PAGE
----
Difference Between a Slip & a Petticoat

Petticoats are undergarments worn under full poodle skirts and some wedding dresses to give bottoms a flouncy feel.
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Navigating the near-nude world of intimates can be intimidating. Layered beneath clothes, slips and petticoats are lingerie that serve distinct purposes. Slips are slim-fitting, dress-like undergarments that span from narrow straps at the shoulders to hems of varying lengths. Petticoats are underskirts that drape downward from the waist to boost the volume or warmth of a dresses and skirts.

1 Slips

Slips are sleek coverings typically worn as a layer between intimate undergarments and outerwear. Most are made from slick materials like silk, satin, polyester, tricot nylon, taffeta or rayon. They are slender enough to glide along the body without clinging to curves; the girly garb keeps clothes flat and prevents bunching, clinging and chafing. Over slips, dresses and skirts hang smoothly and possess elegant silhouettes. Slips also act as an extra layer of insulation for warmth and a barrier between skin and course, rough fabrics and keep skin from showing through transparent fabrics.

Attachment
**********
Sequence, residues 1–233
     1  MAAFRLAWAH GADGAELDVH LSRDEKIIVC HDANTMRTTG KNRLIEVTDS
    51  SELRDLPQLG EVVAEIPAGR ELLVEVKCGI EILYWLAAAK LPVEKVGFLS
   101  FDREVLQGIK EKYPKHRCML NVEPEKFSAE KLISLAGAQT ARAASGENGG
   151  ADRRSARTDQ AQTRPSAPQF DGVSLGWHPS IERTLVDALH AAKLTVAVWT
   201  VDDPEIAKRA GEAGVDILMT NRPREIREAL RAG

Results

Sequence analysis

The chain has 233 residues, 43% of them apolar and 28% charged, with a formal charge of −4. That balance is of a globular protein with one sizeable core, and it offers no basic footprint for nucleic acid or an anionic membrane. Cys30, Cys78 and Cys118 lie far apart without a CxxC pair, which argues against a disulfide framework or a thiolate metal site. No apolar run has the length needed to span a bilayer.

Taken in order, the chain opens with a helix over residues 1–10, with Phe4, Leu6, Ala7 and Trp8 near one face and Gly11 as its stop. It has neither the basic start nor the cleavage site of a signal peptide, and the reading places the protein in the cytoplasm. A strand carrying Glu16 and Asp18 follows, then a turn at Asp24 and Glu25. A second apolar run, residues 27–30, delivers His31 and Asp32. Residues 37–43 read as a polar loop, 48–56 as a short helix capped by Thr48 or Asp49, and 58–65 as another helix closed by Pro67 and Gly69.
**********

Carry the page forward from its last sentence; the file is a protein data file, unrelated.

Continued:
2 Petticoats

Worn at the waist beneath dresses and skirts, petticoats act as waterfalls of tiered fabric that infuses volume into vestments. They inject shape into ensembles by exaggerating a slim waist and contrasting it with billowing, bubbly bottoms. Whereas slips cover the body’s core, petticoats hang from the waist. They are usually made from cotton, silk or tulle. Without petticoats, poodle skirts would have hung flatly off the hips and Cinderella's gown wouldn't have been as glamorous.

Lexie Delaney, a Chicago native, attended the University of Missouri, where she earned a B.A. in journalism (magazine writing) and a B.A. in Spanish. Delaney began writing and editing more than five years ago, for the "Columbia Missourian," "Vox Magazine" and "Retail Jeweler."